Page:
It came as no surprise when Democrat Katherine Clark walloped her opponent Tuesday in a special election to fill the Massachusetts House seat vacated by Edward Markey. By all accounts, the result was a foregone conclusion.
"It really was over after Clark won the primary in October," said David C. King, a senior lecturer in public policy at Harvard University's John F. Kennedy School of Government. "Clark didn't even bother running a ground game during the general election. You could have had the state's most prominent Republican running in this district, and it would not have made a difference."
Clark, a state senator from Melrose, received 66 percent of the vote, besting Republican Frank J. Addivinola Jr. by 34 points. Massachusetts' 5th Congressional District, which hugs the northern perimeter of Boston, is home to three world-class universities. President Obama easily carried the district in last year's general election, winning by more than 30 points.
Reached on the phone, Clark was ecstatic. She was sworn in Thursday as the 79th woman in the House.
"I am tired but also exhilarated to be able to represent [the district] in Congress and get to work," she said. "One thing that surprised me about the campaign is that people still really believe in Congress and its ability to "¦ function again. I found that really heartening."
Clark has said that one of her first acts in Congress will be to cosponsor the Paycheck Fairness Act, an expansion of the 1963 Equal Pay Act. A former aide to Massachusetts Attorney General Martha Coakley, Clark has been hailed as a "progressive champion" by EMILY's List and vows on her campaign website to "stand up to extremist Republicans attacking a woman's right to make her own health care decisions."
"She's the whole package," said Victoria Budson, executive director of the Women and Public Policy Program at the Kennedy School. "She's a wonderful example of a woman who does it all and does it well."¦ When women are judged on their merits, women win."
Born in New Haven, Conn., Clark is a graduate of St. Lawrence University and Cornell Law School. After practicing law in Chicago, she came to Massachusetts in 1995 to earn a master's degree in public administration from the Kennedy School. Clark then served as general counsel for the Massachusetts Office of Child Care Services and was elected to the Massachusetts House in 2008. She migrated to the Massachusetts Senate two years later and was sworn in to her second term in January.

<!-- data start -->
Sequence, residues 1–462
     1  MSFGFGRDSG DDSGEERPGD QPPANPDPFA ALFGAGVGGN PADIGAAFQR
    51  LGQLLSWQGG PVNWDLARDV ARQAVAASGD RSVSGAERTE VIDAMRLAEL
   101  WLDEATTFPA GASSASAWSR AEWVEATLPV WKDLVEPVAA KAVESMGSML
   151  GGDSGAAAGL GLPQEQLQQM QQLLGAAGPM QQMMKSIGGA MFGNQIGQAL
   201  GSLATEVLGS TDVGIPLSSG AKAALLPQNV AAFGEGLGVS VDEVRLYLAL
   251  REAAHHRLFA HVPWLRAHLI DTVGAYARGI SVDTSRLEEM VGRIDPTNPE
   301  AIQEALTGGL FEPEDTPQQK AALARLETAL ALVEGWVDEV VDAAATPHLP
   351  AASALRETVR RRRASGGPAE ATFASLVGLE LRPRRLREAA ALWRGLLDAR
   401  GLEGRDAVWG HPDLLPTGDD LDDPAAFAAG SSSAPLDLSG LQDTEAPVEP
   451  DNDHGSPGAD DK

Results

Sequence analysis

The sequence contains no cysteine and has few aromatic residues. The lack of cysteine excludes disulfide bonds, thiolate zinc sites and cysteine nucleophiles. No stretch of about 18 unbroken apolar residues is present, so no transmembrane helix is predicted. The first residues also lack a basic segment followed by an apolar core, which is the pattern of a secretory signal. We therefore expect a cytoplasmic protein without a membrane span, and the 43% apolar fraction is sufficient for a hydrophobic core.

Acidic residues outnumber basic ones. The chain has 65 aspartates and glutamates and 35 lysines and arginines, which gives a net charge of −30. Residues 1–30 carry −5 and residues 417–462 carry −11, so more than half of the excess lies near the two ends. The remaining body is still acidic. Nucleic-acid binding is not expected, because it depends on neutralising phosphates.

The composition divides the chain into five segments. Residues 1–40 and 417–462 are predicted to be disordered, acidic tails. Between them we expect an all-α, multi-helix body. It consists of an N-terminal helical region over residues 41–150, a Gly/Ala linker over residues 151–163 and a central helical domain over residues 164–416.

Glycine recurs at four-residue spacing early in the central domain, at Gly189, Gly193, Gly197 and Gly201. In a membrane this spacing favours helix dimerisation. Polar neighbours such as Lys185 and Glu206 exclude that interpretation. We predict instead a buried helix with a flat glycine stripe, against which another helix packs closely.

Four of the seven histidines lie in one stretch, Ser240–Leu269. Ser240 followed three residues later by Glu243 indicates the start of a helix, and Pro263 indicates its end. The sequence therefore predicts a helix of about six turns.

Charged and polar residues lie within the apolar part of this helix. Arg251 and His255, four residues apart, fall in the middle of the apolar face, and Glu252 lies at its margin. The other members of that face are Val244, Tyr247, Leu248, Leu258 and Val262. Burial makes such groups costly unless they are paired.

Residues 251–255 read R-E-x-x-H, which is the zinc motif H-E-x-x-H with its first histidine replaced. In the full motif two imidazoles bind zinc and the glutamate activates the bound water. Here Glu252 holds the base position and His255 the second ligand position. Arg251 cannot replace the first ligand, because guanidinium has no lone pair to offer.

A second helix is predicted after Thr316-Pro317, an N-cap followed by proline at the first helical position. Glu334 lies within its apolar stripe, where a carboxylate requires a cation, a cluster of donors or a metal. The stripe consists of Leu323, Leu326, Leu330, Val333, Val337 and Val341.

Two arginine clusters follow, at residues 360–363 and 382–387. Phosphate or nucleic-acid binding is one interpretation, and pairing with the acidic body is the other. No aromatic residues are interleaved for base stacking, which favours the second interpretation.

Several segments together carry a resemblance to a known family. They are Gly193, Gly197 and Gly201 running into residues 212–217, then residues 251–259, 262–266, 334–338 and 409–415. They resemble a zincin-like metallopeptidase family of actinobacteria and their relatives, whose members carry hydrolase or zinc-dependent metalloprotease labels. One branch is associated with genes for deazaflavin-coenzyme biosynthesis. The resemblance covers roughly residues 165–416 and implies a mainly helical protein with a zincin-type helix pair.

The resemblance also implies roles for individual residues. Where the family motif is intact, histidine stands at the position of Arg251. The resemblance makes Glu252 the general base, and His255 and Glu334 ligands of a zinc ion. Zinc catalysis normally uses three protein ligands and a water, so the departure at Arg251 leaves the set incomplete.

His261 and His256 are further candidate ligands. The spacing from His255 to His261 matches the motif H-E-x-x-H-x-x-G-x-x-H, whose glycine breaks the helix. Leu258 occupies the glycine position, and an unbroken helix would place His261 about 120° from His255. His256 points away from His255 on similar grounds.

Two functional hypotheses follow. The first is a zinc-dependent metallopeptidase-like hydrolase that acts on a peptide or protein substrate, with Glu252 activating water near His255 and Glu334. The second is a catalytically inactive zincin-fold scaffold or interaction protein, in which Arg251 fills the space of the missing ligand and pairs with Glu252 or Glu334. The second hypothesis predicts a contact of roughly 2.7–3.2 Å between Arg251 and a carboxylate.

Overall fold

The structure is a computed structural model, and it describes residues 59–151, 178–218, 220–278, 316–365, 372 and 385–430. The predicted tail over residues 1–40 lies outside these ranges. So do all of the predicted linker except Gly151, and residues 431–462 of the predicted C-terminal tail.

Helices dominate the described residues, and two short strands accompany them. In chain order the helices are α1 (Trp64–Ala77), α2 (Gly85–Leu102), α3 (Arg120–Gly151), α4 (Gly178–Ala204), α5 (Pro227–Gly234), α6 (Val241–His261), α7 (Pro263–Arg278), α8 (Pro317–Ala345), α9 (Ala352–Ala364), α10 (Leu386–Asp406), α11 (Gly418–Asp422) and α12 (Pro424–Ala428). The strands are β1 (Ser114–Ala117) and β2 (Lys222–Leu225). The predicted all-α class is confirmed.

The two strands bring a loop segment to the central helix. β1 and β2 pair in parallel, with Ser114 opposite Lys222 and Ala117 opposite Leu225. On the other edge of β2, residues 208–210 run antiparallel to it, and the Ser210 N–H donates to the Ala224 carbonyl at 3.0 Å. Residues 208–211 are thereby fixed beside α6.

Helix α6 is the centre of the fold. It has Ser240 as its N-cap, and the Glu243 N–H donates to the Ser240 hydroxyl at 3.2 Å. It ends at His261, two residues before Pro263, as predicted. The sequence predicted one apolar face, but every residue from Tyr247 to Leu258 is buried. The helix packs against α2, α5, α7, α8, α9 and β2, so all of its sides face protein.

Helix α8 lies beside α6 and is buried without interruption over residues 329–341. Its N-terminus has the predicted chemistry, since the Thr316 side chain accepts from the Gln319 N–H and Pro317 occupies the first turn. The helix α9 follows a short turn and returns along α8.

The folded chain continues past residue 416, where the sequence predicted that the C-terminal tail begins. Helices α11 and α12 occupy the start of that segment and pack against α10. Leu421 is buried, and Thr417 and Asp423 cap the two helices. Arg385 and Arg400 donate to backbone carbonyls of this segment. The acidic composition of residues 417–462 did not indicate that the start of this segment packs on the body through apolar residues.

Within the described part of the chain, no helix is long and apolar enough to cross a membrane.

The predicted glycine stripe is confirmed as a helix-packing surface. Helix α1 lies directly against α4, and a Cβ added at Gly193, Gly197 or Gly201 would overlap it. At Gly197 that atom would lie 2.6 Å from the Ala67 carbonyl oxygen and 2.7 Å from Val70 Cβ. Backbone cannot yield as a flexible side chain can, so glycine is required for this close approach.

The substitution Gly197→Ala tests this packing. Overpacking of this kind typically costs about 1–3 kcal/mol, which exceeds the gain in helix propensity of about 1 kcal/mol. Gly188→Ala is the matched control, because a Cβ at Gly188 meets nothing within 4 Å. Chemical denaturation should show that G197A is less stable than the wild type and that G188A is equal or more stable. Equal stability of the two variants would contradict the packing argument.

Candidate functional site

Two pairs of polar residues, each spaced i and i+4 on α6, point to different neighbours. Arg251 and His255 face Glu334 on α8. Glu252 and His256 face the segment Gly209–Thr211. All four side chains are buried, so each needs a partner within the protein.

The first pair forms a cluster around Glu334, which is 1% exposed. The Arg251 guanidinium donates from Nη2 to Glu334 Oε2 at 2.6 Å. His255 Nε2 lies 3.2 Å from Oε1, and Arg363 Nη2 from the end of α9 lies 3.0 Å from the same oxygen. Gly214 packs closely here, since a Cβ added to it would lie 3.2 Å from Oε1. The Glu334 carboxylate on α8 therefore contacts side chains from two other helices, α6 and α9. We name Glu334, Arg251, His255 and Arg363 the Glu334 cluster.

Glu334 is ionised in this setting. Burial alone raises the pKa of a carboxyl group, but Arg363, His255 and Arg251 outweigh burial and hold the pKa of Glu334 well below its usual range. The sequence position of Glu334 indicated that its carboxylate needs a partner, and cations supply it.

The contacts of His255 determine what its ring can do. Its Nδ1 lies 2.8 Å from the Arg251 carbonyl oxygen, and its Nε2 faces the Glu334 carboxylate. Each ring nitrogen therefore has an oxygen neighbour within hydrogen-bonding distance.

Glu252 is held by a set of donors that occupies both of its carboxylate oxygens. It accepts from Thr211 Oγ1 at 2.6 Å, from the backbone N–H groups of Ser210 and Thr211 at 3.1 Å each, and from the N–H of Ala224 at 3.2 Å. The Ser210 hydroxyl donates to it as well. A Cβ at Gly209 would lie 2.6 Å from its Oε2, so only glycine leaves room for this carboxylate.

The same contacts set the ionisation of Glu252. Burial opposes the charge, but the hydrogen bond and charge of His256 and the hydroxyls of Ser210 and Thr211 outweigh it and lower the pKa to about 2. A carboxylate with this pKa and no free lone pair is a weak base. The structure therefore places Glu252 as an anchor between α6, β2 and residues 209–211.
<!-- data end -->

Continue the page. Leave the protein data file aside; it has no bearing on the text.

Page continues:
The 50-year-old lawyer is married with three sons, ages 11, 13, and 17. She cites Elizabeth Warren as her role model.
Clark was seen as the front-runner from the moment she announced her candidacy in February, and she survived a crowded primary in October in which five candidates each received more than 10 percent of the vote.
Over the course of the campaign, she hauled in $1.2 million, about 30 times the amount raised by her Republican opponent. (Addivinola, who was shunned by the state and national Republican parties, loaned himself an additional $62,000.) Down the homestretch, The Boston Globe reported that Clark had "all but disappeared from the campaign trail." Tuesday's turnout was an anemic 13 percent.
Asked if his campaign was doomed from the start, Addivinola was defiant. "It's a responsibility of people who desire to work in public service to step up to the plate and to run for office, even when the prospects may be small for a victory," he said. "It's unfortunate that the statistics are the way that they are, but we should not deny the fact that there are many people that live in this district that would also like representation."
The Boston lawyer, who has now run for office four times, hinted that this would not be his last campaign.